Two fairly quiet weather days are ahead before eyes return to skies and the threat for severe storms on Thursday.
Today and Tonight: For Tuesday, expect a partly sunny sky with high temperatures in the mid 80s. A shower cannot be ruled out but rain chances look too low to mention. Winds will remain southerly at 10mph. Overnight, look for mostly clear skies followed by some areas of fog before sunrise. Lows will bottom out in the mid 60s.
Up Next: Wednesday should repeat with warm and tranquil weather. By Thursday, a storm system will roll into the region with more showers and thunderstorms. Once again (as is typical for the spring season), severe storms will be possible. As of Tuesday Morning, the event looks to come during the second half of the day with gusty wind, hail and downpours being the main concerns. Exact timing and specific threats will become clear as we get closer. The Storm Prediction Center has placed the entire forecast area in a “slight risk” (2/5) for severe weather. On the other side of that storm system, humidity may go down a touch but temperatures will remain above average. Another short stretch of sunny days is expected before the return of showers and storms late weekend.
With another threat for severe weather, now would be a great time to review your safety plan. Develop a line of communication with family and friends. Know the difference between a watch and a warning and predetermine the safe place you will go if warnings are issued. CLICK HERE for more on severe weather safety.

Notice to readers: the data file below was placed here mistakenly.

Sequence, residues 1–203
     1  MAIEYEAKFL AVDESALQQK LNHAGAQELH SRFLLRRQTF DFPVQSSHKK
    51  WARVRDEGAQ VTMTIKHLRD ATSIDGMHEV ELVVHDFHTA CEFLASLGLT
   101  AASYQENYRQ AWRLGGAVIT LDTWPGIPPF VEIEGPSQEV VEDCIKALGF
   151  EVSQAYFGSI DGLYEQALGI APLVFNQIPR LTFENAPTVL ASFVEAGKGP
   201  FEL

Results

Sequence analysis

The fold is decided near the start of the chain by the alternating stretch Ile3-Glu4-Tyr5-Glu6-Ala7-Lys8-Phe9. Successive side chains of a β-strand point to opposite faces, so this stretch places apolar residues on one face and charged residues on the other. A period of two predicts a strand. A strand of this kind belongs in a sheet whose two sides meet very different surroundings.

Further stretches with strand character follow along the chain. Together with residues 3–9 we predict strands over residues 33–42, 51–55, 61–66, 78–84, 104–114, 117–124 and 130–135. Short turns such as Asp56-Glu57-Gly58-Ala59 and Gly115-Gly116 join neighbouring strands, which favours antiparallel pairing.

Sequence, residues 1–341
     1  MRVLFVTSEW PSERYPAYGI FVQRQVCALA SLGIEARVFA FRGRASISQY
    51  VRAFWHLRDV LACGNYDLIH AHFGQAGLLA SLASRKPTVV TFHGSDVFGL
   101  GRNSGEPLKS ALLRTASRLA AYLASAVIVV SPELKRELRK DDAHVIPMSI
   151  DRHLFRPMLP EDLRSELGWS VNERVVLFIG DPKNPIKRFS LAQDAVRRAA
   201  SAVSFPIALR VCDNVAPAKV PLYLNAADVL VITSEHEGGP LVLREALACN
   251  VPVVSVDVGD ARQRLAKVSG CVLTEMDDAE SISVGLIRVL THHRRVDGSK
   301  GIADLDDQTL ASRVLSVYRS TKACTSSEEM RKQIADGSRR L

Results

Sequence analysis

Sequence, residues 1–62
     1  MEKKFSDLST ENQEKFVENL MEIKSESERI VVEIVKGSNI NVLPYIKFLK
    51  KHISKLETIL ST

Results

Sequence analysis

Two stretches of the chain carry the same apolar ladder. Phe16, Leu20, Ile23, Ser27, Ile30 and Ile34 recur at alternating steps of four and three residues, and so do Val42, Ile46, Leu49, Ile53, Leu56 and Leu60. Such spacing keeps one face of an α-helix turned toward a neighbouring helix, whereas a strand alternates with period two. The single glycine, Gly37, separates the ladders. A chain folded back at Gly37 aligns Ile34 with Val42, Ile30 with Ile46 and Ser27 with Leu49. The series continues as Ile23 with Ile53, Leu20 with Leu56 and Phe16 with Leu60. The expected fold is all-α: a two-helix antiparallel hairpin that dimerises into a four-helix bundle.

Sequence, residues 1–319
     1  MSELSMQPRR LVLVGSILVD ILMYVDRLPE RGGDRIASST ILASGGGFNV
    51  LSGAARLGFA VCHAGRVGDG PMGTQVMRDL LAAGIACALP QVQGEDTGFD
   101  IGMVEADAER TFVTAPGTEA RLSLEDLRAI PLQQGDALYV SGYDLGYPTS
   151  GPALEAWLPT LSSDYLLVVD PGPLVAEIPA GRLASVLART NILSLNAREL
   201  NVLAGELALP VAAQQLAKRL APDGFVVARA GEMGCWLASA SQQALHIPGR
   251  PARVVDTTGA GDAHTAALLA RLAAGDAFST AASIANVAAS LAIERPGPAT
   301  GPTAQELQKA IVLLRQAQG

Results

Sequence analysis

THE SCIENCE: A slight ridge in the upper levels should keep convection limited for the next two afternoons. Temperature will remain warm and southerly wind swill keep dew points in the low 60s and thus humidity elevated. The next shortwave trough will be moving from the Midwest to the Mid-Mississippi River Valley on Thursday. An associated cold front will also traverse the region, passing over the central Gulf Coast. Storms will likely be ongoing Thursday morning in western Louisiana and will track northeastward into the local area. Strong wind fields with sufficient moisture, instability and uplift will promote the risk of severe storms, and some model solutions indicate the potential for a more widespread event than last Saturday. Once the upper trough axis slides east, another brief lull is expected for Friday and Saturday. With an actual frontal passaging possible, though temperature may not respond much, slightly drier air may reduce humidity for a day or two. Overnight lows could dip into the upper 50s. The next in our series of potent upper waves will enter the region next weekend. Though there are some timing differences with the GFS slower and the European faster, both indicate that this wave takes a further south track and thus could pose an elevated severe weather risk to the local area. Stay tuned as we hash out the details!